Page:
In September 2020 the RIBA Future Workload Index rose slightly again to +9, with 31% of practices expecting a workload increase in the coming three months. 22% are expecting a decrease, and 47% are expecting workloads to remain the same.
The anticipated growth in architects’ workload continues to be driven by optimism about private housing, by smaller practices, and by practices working outside London and the South. For larger practices, and for those in London and the South, there is more pessimism about future workloads.
58% of practices overall expect profits to fall over the next twelve months (down from 65% in August), and 6% expect that fall to threaten practice viability.
Regionally, the Midlands & East Anglia were positive about their future workload for the first time in six months, with an increase to +10 in September, up from -9 in August. Wales & the West is currently the most optimistic area; it returned a balance figure of +40 in September, up ten points from August. The North of England also remains positive about workload (at +16), though down six points from August.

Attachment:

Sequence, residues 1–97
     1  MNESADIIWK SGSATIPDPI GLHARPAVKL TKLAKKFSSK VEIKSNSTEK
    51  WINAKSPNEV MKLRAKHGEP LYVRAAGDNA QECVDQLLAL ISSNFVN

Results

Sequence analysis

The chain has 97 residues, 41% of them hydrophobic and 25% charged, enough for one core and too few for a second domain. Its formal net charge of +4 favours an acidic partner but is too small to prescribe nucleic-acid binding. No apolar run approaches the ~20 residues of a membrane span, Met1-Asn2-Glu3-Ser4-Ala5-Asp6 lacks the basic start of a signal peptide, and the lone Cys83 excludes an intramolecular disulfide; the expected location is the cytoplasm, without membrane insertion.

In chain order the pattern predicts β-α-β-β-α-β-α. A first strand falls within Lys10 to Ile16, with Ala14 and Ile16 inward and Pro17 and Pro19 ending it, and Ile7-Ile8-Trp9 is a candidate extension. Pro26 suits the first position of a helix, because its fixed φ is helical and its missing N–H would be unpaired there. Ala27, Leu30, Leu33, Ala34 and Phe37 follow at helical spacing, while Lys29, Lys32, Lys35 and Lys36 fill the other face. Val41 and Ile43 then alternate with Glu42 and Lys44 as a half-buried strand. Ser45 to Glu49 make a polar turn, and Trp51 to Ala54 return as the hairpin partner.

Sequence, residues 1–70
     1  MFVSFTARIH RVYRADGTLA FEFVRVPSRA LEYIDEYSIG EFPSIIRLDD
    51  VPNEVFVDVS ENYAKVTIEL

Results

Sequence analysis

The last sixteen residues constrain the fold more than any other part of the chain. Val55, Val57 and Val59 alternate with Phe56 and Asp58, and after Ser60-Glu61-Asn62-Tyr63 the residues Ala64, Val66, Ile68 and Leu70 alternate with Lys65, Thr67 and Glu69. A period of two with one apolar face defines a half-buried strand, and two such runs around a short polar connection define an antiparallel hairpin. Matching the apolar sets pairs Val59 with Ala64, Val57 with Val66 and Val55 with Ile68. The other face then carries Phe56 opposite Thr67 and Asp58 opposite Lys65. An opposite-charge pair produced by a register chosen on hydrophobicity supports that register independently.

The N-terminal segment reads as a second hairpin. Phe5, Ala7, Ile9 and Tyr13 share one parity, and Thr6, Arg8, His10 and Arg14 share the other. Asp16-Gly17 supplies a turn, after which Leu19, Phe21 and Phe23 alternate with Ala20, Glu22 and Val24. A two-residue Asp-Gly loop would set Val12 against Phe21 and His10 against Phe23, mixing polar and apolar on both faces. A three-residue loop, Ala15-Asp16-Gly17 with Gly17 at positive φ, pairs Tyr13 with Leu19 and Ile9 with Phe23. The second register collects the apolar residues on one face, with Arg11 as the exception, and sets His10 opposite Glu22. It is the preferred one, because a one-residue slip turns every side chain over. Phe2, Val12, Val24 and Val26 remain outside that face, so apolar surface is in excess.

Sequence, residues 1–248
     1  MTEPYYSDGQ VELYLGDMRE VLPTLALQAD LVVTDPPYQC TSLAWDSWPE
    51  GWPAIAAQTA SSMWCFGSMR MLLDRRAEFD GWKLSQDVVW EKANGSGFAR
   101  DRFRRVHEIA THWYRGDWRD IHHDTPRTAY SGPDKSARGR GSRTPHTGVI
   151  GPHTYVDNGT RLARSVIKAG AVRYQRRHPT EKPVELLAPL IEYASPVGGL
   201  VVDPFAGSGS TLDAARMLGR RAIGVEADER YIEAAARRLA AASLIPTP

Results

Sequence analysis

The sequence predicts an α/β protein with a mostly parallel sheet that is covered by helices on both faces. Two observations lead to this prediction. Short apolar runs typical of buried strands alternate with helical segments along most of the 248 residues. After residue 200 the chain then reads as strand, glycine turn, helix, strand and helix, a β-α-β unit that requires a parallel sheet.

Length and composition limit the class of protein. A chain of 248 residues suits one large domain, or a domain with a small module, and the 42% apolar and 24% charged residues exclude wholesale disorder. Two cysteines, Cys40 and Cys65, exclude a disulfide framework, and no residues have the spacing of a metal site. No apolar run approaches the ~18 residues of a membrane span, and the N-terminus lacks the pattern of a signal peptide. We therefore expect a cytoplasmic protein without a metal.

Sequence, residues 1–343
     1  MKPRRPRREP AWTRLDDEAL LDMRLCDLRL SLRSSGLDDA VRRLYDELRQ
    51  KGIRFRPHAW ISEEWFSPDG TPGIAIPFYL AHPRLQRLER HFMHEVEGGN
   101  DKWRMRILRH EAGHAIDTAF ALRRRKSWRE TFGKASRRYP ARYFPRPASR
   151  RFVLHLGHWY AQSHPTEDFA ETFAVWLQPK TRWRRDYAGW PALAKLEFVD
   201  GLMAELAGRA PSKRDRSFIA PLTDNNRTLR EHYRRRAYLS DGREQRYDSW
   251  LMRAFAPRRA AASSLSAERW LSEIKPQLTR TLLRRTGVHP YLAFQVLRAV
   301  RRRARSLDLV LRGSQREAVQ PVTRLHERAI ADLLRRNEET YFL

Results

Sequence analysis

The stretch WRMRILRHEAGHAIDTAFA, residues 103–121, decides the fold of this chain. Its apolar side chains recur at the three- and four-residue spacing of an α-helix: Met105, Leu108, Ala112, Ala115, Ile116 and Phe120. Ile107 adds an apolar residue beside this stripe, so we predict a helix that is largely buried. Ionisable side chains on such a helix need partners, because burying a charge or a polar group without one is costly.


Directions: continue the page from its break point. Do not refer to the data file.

Confidence is lower in London and the South. The South of England slipped back into negative territory in September, posting a balance figure of -2. London has not posted a positive balance figure since February; in September the balance figure is -12, down 3 points from the previous month. 12% of London practices also reported concerns about their long-term viability, a slight fall from last month’s figure of 14 %.